Steeped in the healing arts and magic, award-winning author Nancy Werlin’s first novel for younger readers is a beautifully crafted, quietly powerful story that follows a young woman gifted with magic as she struggles to manage her powers — and claim her strength — without violence.

Why I like Healer & Witch:  

Nancy Werlin has written an enthralling adventure about a girl’s journey of self-discovery, believing in herself, finding courage in the midst of danger, and taking her place in the world.  Werlin’s writing is original, lyrical and magical, despite the themes of danger, deceit and evil.  Readers will enjoy spending time in medieval France where healers are considered witches and could face Inquisition, This story will encourage readers to form their own opinions about the differences between healing and witchcraft. 

The characters are compelling and unforgettable as they reveal their good and evil natures along the way. Sylvie is a 15-year-old healer who has made a terrible mistake. Sylvie is a sensitive and deeply caring individual who knows that her gift is from God and that she must use it for good. Since she no longer has her Grand-mère to guide her, she embarks upon a journey to find a teacher who can help her understand and use her gift. Eight-year-old Martin, is a cheerful, barefoot boy who wants to see the world instead of becoming a farrier alongside his father. He joins Sylvie and his presence offers an unexpected perspective to the story. Along the way they meet Ceciline, a wise women, Monsieur Robert Chouinard, a merchant and businessman, and Madame du Bois, an astrologer. Each character will reveal their true nature and help Sylvie make new discoveries about herself.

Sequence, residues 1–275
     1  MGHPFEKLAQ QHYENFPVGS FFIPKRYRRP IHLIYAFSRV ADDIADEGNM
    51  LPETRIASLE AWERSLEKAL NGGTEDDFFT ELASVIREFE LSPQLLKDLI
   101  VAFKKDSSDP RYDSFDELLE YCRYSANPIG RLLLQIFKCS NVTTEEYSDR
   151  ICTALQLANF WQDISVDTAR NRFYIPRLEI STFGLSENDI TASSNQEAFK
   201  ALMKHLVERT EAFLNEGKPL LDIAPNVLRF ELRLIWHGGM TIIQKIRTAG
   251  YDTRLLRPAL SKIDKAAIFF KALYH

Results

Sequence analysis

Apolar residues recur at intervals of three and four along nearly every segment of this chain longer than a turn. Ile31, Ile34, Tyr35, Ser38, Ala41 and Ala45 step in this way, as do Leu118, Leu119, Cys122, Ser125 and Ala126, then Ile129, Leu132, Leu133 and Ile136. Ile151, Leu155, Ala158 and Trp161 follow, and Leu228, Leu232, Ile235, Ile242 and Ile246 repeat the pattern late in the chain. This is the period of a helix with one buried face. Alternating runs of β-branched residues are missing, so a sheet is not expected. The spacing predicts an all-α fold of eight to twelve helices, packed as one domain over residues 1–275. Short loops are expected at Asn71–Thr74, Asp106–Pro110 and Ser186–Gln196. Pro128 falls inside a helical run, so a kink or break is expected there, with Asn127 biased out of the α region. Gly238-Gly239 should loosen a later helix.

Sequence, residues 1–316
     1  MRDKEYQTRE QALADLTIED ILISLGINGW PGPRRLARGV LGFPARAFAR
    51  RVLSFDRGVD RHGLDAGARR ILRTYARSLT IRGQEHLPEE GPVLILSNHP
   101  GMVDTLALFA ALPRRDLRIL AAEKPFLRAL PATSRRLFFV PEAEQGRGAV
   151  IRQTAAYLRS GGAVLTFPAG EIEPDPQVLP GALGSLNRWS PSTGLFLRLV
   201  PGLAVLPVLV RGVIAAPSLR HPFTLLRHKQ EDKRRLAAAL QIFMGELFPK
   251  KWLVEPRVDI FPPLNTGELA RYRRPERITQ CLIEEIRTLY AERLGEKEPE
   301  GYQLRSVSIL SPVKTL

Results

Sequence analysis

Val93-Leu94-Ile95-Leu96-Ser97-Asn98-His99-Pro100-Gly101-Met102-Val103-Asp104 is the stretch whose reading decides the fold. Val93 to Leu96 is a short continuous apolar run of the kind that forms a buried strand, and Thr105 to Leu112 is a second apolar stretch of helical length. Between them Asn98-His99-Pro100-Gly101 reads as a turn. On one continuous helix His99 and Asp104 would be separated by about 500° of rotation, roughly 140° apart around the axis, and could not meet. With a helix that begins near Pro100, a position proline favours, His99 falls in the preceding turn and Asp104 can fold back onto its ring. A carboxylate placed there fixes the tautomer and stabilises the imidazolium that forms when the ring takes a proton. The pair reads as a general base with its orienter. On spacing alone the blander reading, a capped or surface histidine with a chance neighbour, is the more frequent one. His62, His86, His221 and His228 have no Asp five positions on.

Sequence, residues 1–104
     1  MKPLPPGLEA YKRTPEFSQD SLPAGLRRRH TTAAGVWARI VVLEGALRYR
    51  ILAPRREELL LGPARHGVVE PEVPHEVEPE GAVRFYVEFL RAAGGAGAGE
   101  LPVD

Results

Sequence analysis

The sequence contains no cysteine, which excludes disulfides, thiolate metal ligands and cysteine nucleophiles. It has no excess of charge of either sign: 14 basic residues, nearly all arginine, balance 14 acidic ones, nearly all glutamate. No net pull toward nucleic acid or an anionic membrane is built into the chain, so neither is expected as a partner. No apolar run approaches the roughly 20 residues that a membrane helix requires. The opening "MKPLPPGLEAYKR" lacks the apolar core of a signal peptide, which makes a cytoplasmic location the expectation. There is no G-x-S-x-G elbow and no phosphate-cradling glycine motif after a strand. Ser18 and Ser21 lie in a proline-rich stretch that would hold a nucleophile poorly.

The short chapters make for easy reading, and Sylvie’s gripping journey will keep even reluctant readers turning pages just to find out what’s going to happen next. I was surprised by the ending, which is satisfying and hopeful.

Nancy Werlin is the author of several books for teens, including, Zoe Rosenthal Is Not Lawful Good, the National Book Award Finalist The Rules of Survival, the Edgar Award winner The Killer’s Cousin, and the New York Times bestseller Impossible. About Healer and Witch, her first novel for middle-grade readers, she says, “Reading historical fiction was my very first love.” Nancy Werlin lives outside Boston.

Greg Pattridge hosts Marvelous Middle Grade Monday posts on his wonderful Always in the Middle website. Check out the link to see all of the wonderful reviews by KidLit bloggers and authors.

*Review copy provided by Candlewick Press in exchange for a review.

 

Listen by Gabi Snyder — PPBF Review

Listen